The Natchez Trace Parkway commemorates the historic Old Natchez Trace and preserves sections of the original trail. It is administered by the National Park Service. The Natchez Trace provides a near-continuous greenway from the southern Appalachian foothills of Tennessee to the bluffs of the lower Mississippi River. Along the way are sites like Emerald Mound, a national historic landmark and one of the largest American Indian mounds in the United States; and Mount Locust, one of only two surviving stands. Larger cities along the route, in addition to Natchez and Nashville, include Jackson and Tupelo, Mississippi, and Florence, Alabama. Even before the Louisiana Purchase in 1803, President Thomas Jefferson wanted to connect the distant Mississippi frontier to other settled areas of the United States. To foster communication with what was then called the Southwest, he designated a postal road to be built between Daniel Boone's Wilderness Road, the southern branch of the road ended at Nashville, Tennessee, and the Mississippi River. To emphasize American sovereignty in the area, he decided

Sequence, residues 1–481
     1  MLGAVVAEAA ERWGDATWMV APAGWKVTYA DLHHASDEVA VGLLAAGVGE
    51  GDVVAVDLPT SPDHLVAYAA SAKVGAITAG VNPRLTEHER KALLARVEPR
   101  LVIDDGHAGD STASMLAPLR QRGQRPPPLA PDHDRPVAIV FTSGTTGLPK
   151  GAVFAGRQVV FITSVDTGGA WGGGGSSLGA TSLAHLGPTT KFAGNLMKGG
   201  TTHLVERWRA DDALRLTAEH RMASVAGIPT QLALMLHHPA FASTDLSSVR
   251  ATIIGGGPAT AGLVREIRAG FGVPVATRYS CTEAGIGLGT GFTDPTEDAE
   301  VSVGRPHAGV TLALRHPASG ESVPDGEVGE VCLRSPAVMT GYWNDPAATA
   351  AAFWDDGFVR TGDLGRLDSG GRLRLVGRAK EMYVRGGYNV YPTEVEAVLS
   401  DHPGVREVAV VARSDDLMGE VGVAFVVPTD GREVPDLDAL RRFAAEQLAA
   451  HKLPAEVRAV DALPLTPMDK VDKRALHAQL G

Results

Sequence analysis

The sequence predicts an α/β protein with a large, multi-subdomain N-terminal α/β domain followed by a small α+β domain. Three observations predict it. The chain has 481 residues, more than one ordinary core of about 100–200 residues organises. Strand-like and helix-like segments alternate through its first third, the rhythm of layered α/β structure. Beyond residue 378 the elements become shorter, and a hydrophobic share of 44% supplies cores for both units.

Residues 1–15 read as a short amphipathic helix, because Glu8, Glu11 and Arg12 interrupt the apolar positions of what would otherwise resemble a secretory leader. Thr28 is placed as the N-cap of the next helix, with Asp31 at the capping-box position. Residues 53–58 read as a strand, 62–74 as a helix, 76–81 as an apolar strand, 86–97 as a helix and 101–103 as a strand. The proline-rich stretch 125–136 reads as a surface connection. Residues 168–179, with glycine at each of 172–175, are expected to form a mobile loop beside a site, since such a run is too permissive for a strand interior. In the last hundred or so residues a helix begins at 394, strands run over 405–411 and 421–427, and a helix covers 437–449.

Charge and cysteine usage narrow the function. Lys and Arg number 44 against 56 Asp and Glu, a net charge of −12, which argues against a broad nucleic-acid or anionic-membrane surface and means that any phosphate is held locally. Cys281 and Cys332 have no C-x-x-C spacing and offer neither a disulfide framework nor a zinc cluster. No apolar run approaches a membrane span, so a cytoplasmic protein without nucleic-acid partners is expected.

first segmentally constructed Tennessee. It is 155 feet high rtesy National Park Service.

to call it the Columbian Highway. Critical to the success of the Trace as a trade route was the development of inns and trading posts, referred to at the time as stands. Many early United States settlements in Mississippi and Tennessee developed along the Natchez Trace. Some of the most prominent were Washington, the old capital of Mississippi; “old Greenville,” where Andrew Jackson plied his occupation as a slave trader; and Port Gibson, among others. By 1816, the continued development of both Memphis, with its access to the Mississippi River, and Nashville, which with Jackson’s Military Road had a direct line to New Orleans, Louisiana, began